What happens when sodium levels fall?
A person with mild hyponatremia may not feel sick, but if for any reason the level of sodium in their blood drops even lower, it will cause symptoms such as difficulty concentrating, headache, nausea. In severe cases, confusion, convulsions, and even coma may occur.
Hyponatremia can occur as a result of diarrhea, vomiting, heavy sweating, certain heart or kidney problems. It often occurs during the heat, when the body releases sodium salts with plenty of sweat, which is why the number of patients with hyponatremia in the emergency department increases significantly during the summer.
Swedish scientists have discovered
Sweden and Denmark are countries that have managed to collect a huge amount of systematic medical data. Since the end of the 20th century, doctors have kept electronic records of the health cards of all citizens of their country. This provides rich material for analysis.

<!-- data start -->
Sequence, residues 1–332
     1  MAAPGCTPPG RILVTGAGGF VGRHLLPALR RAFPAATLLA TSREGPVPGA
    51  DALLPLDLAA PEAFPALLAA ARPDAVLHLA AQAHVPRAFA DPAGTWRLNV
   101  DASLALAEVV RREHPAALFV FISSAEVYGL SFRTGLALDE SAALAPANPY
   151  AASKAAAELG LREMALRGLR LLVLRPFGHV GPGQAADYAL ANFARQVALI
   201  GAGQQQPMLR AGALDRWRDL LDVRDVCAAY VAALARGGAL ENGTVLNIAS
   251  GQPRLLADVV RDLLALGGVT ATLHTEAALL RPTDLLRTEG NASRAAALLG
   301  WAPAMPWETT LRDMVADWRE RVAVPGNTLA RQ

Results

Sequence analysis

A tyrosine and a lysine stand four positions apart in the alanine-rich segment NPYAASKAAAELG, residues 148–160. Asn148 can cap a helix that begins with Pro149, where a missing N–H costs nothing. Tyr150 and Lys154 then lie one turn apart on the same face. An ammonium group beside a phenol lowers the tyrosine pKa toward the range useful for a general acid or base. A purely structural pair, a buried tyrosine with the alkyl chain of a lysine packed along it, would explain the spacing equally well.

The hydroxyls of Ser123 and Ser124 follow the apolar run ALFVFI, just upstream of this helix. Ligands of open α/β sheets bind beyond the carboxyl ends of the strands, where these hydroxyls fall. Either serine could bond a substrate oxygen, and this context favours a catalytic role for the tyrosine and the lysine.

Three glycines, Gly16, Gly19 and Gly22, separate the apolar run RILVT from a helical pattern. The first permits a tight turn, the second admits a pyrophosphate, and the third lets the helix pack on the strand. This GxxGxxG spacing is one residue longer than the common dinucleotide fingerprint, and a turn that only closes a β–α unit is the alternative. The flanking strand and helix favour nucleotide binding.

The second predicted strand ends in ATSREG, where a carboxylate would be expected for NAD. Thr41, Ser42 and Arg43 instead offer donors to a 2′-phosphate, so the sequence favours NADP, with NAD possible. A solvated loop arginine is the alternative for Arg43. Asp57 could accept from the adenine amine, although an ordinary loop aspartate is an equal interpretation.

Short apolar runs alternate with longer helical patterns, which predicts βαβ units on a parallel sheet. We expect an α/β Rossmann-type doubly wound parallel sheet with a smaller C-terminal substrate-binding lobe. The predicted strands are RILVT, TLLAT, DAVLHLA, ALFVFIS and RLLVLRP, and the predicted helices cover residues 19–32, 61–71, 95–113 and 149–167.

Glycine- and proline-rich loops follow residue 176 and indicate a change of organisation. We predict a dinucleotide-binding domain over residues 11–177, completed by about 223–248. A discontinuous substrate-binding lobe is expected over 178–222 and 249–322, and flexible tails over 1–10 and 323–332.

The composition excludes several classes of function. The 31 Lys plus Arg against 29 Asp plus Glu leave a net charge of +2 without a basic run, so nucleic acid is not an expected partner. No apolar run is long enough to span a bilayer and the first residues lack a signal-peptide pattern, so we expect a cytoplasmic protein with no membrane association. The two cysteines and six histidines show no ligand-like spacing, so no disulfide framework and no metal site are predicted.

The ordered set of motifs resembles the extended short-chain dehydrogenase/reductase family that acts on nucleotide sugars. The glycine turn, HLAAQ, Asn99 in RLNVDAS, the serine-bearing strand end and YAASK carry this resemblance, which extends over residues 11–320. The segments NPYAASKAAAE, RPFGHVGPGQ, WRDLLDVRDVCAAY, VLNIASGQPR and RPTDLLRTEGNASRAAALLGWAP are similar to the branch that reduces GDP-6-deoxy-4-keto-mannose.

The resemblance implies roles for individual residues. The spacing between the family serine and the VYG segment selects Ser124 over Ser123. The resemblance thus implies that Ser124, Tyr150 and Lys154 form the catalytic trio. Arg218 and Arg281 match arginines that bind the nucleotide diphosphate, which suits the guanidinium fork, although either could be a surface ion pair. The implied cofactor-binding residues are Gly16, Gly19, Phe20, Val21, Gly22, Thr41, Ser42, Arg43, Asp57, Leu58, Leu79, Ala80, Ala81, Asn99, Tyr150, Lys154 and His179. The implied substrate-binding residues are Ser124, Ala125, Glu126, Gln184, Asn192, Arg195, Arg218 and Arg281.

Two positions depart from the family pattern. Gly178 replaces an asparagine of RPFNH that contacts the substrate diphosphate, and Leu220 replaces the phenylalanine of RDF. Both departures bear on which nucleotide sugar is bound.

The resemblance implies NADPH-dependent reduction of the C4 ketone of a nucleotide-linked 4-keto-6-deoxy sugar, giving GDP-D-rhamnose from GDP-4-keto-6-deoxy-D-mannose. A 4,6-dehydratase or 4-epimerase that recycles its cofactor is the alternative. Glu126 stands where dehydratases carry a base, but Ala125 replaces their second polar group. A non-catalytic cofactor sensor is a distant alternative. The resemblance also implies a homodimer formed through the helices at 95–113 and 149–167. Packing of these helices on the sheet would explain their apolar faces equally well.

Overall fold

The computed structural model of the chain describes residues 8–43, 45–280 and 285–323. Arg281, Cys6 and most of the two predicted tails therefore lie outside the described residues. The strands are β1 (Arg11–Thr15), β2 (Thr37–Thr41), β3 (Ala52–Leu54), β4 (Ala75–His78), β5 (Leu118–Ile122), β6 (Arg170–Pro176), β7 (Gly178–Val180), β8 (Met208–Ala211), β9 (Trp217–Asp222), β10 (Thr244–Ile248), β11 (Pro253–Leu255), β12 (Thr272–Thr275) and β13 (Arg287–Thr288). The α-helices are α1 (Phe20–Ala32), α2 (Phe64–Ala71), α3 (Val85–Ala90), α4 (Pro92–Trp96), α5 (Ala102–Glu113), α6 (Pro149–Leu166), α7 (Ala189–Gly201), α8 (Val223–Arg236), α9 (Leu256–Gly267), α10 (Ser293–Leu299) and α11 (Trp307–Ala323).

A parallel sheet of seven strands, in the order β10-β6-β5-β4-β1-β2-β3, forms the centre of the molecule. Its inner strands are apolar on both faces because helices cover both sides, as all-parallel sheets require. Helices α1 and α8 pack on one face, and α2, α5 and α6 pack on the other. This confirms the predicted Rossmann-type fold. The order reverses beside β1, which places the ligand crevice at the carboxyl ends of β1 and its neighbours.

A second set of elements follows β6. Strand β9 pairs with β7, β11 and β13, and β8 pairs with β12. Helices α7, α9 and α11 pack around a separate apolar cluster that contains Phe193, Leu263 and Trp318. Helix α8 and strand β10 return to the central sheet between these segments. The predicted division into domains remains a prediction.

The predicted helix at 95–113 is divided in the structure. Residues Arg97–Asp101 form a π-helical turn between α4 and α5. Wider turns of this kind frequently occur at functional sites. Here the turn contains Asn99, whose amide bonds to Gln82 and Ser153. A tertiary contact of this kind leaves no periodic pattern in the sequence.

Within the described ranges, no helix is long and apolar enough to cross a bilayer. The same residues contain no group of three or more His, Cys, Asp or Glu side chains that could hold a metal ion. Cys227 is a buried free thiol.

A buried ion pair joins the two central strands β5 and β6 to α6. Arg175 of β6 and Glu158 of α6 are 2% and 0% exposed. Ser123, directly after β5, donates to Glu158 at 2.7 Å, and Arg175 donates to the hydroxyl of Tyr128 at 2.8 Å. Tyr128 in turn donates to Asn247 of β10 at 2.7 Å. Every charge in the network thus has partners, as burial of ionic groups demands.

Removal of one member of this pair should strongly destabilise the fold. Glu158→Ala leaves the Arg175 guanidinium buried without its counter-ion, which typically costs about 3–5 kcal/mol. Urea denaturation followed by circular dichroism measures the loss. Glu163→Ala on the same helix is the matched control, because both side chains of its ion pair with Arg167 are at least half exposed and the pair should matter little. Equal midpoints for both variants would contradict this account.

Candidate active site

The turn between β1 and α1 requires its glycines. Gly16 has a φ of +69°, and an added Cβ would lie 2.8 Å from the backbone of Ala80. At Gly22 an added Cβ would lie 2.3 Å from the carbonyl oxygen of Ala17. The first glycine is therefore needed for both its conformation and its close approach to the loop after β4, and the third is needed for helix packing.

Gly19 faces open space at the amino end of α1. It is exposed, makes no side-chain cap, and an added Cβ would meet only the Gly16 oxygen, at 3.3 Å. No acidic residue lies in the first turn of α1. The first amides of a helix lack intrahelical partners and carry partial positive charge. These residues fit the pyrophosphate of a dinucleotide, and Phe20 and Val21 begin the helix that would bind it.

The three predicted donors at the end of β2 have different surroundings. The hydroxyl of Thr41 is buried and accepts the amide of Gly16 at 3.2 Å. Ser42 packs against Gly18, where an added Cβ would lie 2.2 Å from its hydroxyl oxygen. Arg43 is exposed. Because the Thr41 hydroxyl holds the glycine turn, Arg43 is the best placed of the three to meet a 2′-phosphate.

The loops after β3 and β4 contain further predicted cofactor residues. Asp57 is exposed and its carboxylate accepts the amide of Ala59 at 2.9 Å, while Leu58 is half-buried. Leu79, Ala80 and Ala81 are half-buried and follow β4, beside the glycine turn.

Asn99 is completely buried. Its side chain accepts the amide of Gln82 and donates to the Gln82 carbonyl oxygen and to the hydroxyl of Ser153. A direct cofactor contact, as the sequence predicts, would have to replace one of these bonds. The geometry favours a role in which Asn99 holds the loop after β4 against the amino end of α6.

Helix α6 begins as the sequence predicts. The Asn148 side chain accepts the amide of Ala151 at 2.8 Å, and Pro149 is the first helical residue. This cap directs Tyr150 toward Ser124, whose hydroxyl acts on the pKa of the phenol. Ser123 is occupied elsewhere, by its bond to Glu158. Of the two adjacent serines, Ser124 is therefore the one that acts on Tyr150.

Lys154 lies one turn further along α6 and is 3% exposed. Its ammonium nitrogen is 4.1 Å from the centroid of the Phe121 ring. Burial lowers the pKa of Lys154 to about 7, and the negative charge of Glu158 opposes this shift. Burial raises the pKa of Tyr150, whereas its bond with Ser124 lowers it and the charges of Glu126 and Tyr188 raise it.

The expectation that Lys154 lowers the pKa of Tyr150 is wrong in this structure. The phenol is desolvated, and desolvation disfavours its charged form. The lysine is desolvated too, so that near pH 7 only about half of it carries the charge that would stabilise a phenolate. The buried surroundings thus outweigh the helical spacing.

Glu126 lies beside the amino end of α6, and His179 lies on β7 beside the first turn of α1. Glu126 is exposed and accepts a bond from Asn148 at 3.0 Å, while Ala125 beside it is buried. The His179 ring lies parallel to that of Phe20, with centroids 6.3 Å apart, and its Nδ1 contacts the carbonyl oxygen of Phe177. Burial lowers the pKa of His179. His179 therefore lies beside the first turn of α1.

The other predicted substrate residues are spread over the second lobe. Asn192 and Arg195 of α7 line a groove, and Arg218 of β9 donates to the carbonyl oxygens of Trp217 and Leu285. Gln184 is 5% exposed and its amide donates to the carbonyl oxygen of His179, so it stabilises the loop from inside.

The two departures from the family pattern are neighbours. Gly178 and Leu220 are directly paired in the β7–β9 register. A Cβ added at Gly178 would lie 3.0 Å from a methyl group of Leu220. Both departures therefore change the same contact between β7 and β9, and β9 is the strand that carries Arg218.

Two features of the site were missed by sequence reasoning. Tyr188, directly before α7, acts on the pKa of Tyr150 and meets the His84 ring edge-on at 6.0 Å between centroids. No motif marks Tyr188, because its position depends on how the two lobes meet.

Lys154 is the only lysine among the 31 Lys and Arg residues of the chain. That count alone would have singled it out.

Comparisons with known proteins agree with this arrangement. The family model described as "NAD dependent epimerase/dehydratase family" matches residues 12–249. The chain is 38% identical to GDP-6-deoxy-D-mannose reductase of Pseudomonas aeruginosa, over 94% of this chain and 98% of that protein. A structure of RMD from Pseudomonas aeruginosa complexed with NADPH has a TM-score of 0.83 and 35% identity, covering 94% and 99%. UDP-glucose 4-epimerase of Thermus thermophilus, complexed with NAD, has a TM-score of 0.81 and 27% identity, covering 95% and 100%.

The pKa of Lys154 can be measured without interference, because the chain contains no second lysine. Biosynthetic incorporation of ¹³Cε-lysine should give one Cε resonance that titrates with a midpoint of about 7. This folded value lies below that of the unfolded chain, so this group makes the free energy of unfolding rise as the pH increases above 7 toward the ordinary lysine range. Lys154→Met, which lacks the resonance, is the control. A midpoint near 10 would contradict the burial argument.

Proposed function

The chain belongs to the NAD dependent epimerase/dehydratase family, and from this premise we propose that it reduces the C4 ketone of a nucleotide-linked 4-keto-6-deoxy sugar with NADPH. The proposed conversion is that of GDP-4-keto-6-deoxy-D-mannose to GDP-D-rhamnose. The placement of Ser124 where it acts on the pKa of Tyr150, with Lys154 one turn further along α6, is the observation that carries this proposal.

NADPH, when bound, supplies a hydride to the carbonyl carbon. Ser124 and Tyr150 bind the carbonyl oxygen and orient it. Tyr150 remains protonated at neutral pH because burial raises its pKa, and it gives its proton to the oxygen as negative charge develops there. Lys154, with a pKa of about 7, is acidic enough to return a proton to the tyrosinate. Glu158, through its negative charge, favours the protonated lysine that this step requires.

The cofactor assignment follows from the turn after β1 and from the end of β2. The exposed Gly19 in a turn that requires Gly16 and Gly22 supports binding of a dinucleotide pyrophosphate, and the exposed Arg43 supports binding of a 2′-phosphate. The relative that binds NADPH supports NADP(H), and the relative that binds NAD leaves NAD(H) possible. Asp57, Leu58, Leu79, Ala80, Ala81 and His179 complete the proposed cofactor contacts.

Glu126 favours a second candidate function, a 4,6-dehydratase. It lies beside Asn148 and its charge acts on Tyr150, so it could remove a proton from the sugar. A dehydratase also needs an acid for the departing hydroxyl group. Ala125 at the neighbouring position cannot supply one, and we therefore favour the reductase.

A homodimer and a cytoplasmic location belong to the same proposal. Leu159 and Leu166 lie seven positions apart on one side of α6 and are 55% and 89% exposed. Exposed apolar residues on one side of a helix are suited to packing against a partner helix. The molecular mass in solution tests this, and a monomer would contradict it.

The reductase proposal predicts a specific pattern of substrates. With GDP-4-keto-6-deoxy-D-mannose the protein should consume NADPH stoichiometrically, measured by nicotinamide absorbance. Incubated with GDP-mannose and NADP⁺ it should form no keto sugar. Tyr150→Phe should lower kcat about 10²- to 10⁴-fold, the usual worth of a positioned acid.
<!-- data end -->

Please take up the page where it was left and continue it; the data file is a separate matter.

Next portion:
This study looked at data from all Swedish citizens aged 18 and over. The researchers tracked all cases of hyponatremia recorded in the patient’s medical records from October 2005 to December 2014. They plotted the results on a temperature graph for the same period recorded by the Swedish Institute of Meteorology and Hydrology.
The researchers found that the risk of hospitalization as a result of severe hyponatremia increased sharply on hot days, with the elderly over 80 being the most vulnerable part of the population and in addition, the risk of adult women being higher than that. of men. People in the 80+ age group were 15 times more likely to develop hyponatremia in hot weather compared to the risk of hyponatremia on cooler days.
It is logical that the summer months gave the highest number of victims and the fewest such cases in January.
The researchers’ calculations showed that, on average, a rise in temperature by one degree Celsius led to an increase in hospitalizations due to hyponatremia by 6.3%, while when the temperature rose by 2 degrees, the number of such cases increased by 13.9 %.
What explains this?